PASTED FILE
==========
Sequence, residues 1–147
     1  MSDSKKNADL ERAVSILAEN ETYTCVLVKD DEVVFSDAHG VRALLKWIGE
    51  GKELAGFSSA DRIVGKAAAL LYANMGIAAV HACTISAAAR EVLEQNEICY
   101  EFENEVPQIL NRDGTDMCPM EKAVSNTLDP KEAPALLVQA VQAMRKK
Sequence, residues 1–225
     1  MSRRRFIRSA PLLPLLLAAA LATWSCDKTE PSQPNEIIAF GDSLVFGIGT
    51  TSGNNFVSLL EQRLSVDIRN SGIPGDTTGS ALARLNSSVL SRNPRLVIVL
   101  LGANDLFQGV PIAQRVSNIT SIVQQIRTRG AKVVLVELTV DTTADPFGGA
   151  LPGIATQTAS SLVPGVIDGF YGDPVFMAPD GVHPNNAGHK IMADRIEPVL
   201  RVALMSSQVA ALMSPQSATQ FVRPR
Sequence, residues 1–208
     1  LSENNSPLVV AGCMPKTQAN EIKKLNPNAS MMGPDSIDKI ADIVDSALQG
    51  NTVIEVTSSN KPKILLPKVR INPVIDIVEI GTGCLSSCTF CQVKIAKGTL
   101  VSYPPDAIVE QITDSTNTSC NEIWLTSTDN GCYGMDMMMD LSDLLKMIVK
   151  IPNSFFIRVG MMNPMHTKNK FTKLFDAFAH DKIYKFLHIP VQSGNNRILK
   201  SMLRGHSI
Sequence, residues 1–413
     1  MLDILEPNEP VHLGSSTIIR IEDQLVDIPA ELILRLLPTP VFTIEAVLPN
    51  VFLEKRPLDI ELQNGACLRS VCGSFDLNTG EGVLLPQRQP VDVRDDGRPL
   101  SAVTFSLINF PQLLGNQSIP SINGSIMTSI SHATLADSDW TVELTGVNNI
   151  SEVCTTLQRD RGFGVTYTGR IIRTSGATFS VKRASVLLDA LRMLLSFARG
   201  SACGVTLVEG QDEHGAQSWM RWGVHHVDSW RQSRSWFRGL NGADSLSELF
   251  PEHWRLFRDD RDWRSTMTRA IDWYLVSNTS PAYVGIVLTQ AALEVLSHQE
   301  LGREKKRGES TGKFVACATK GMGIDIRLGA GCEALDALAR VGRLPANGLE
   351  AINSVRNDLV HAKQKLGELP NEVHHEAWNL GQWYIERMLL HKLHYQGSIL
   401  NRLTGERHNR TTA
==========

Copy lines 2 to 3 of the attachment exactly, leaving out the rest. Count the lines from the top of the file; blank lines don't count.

     1  MSDSKKNADL ERAVSILAEN ETYTCVLVKD DEVVFSDAHG VRALLKWIGE
    51  GKELAGFSSA DRIVGKAAAL LYANMGIAAV HACTISAAAR EVLEQNEICY